Irish Colonels: Henry F. O’Brien, 11th New York Infantry

Over 25 Irishmen served as Colonels in units raised in the State of New York. Many are well-known, having served in ethnic Irish regiments such as those of the Irish Brigade and Corcoran’s Legion. Perhaps one of the least recognisable, and certainly one of the most tragic, is Colonel Henry F. O’Brien. He took over command of the 11th New York on 27th June 1863, but his tenure was destined to end in horrific circumstances. Less than a month after what must have been one of his proudest moments, on 14th July 1863, he would be dead. His end came not on the field of battle at the hands of the enemies of Union-Henry O’Brien was beaten to death by his fellow countrymen on a New York street. (1)

Henry F. O’Brien was born in Ireland in c.1823, although little is known about his life prior to the American Civil War. He served as a Captain of Company H of the 155th New York Infantry, part of Corcoran’s Irish Legion, from 12th October 1862 until his honourable discharge from that regiment on 6th February 1863. In June 1863 O’Brien was given permission to recruit in order to re-raise the 11th New York Regiment. The original 11th  had been known as the Ellsworth Zouaves, and had mustered out of service in 1862. Permission to reestablish the unit had initially been granted to James C. Burke in May of 1863, but this authorisation was revoked and passed to O’Brien in June. Thus it was that the now Colonel O’Brien was engaged in recruiting activities in New York when the violence of the draft riots erupted in the city. (2)

Colonel Henry F. O'Brien (New York State Military Museum)

Colonel Henry F. O'Brien (New York State Military Museum)

Riots erupted across New York City on 13th July 1863 in response to the military draft, which had been instituted to bolster numbers serving in the Union forces. Protests against the draft descended into a wave of violence which engulfed portions of the city for a number of days. The majority of those involved came from the city’s poorer areas, and included large numbers of the Irish community. Many of the rioters felt they were being specifically targeted by unjust Government policies, which they saw as forcing them to fight for a cause with which they had little affinity. Many homes and premises were attacked, looted and burned during the unrest, and members of New York’s coloured community were targeted and some murdered in horrendous circumstances.

As he was stationed in New York at the time of the unrest, Henry O’Brien decided to face down the rioters and offered his services and those of his men to the police. Reports as to the sequence of events that followed are somewhat confused. What is known is that on the morning of Tuesday 14th July, a large mob had assembled at the junction of Second Avenue and Thirty-fourth Street. According to the New York Times, the crowd had become incensed upon learning that O’Brien and his men were due to march on them, and in response proceeded to his home in the area, forcing his family onto the street and robbing the premises. Some 300 New York police were detailed to confront the rioters, and they marched through a hail of missiles down Second Avenue in an attempt to clear the area. This was the fateful moment when Colonel O’Brien and his men arrived on the scene. (3)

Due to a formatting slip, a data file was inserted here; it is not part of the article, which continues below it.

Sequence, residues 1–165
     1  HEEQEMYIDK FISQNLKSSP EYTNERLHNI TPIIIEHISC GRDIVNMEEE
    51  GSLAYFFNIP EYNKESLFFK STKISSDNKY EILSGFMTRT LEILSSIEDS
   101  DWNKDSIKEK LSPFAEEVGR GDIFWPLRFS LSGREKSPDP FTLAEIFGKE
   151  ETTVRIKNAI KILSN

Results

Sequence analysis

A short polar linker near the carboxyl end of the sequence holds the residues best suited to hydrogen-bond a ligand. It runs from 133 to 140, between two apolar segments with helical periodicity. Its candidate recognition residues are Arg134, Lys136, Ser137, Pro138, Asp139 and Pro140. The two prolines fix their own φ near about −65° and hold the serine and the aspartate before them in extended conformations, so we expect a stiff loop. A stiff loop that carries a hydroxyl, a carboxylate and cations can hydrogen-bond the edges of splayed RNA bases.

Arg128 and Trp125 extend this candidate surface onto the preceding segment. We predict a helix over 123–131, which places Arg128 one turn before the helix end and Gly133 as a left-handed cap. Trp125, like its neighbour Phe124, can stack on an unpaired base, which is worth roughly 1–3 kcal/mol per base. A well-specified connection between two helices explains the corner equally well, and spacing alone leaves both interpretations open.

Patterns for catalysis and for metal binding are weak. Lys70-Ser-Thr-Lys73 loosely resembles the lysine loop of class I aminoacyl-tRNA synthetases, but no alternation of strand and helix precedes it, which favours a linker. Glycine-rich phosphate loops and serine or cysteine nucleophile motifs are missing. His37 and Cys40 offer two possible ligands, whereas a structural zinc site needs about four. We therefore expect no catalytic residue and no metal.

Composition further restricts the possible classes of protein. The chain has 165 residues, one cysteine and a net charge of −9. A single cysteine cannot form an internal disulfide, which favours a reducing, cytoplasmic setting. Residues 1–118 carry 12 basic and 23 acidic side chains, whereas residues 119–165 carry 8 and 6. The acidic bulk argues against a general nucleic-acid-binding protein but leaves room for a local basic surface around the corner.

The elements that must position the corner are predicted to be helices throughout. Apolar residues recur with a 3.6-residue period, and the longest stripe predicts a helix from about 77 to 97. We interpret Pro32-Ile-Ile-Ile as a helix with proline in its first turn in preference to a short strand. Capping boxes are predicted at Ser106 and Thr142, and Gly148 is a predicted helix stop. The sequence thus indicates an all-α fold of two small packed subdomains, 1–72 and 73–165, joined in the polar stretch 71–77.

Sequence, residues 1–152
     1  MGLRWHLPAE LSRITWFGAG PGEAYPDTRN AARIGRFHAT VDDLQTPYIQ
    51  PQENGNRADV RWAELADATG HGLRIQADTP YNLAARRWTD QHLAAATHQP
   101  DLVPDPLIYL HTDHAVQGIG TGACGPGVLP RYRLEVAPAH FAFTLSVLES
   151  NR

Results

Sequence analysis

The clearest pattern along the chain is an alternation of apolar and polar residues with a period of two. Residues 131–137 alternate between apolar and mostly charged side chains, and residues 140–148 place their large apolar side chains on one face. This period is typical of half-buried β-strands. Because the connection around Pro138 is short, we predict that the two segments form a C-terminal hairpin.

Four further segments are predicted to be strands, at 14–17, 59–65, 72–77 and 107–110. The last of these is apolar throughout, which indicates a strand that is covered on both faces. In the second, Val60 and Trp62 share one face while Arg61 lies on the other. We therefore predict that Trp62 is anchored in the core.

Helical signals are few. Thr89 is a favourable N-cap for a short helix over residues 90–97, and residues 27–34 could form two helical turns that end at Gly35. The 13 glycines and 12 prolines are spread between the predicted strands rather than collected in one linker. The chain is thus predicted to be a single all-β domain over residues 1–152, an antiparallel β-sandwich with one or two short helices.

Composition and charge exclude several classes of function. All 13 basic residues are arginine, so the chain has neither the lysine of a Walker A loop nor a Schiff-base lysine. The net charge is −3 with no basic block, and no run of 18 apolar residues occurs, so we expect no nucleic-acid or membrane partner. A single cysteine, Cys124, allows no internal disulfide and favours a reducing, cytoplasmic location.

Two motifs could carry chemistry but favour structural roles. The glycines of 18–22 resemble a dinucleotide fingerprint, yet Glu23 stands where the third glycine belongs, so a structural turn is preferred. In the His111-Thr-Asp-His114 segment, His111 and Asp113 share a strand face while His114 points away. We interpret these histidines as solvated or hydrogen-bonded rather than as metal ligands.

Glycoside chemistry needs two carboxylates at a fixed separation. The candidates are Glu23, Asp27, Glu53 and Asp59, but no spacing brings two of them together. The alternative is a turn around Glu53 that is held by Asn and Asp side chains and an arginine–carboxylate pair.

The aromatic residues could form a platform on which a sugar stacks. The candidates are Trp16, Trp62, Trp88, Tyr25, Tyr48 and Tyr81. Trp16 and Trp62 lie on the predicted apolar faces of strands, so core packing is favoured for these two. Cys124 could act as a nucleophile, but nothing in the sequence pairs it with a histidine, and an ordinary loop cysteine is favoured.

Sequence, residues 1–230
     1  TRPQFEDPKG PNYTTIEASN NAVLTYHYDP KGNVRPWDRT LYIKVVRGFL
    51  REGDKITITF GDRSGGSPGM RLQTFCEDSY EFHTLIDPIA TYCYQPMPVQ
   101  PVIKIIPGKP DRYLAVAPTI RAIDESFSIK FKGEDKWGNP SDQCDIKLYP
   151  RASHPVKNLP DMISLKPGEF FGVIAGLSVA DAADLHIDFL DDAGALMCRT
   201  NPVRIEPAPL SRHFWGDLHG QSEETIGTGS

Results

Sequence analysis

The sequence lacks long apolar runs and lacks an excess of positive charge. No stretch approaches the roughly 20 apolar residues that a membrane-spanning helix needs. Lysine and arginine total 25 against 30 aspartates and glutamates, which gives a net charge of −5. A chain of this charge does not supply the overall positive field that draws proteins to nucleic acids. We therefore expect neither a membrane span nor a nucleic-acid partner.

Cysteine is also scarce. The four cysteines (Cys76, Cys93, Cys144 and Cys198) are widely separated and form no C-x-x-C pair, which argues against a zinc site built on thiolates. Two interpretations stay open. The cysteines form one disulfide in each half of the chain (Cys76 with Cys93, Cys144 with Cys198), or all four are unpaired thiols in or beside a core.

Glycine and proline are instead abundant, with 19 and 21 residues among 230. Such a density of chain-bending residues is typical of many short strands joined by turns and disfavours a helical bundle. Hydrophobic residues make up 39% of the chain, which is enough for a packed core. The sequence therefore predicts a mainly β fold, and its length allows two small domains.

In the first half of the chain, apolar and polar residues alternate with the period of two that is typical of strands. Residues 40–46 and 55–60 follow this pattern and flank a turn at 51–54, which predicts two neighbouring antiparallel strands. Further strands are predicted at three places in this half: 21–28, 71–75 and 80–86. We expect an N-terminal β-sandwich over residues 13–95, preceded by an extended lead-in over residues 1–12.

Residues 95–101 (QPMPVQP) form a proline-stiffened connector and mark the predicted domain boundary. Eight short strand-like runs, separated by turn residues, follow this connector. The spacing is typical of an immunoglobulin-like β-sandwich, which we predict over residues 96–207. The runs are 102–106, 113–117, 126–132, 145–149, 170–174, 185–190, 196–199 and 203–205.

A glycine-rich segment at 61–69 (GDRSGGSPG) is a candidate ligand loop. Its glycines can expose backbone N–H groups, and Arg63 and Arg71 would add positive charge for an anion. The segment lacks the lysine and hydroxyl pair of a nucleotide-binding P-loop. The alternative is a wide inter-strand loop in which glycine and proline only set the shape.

The Irishman approached at the head of two companies of the 11th New York and two field pieces under the commanded of Lieutenant Eagleson. Joining forces with the police, O’Brien moved his men forward to confront the Second Avenue crowd. One account described what happened next: ‘He [O'Brien] unlimbered his pieces, notified the mob in the streets to disperse, and after waiting for them to do so a sufficient time, fired; he had elevated his guns so as to shoot over the heads of the crowd, giving as his reason that he did not want to hurt them if scaring would do as well.’ According to other accounts, far from trying to avoid civilian injury, O’Brien had ridden to the crowd and fired his pistol into them. Whether through some errant firing by O’Brien’s soldiers, a mishap with the artillery blanks, or indiscriminate shooting by the Colonel himself, a woman and child fell dead in front of the 11th New York’s position. The crowd had no doubts about who was responsible. They dispersed, but they did not go far. The mob now had but one focus- dozens of eyes stared at Colonel Henry O’Brien, and they bore an unquenchable thirst for revenge. (4)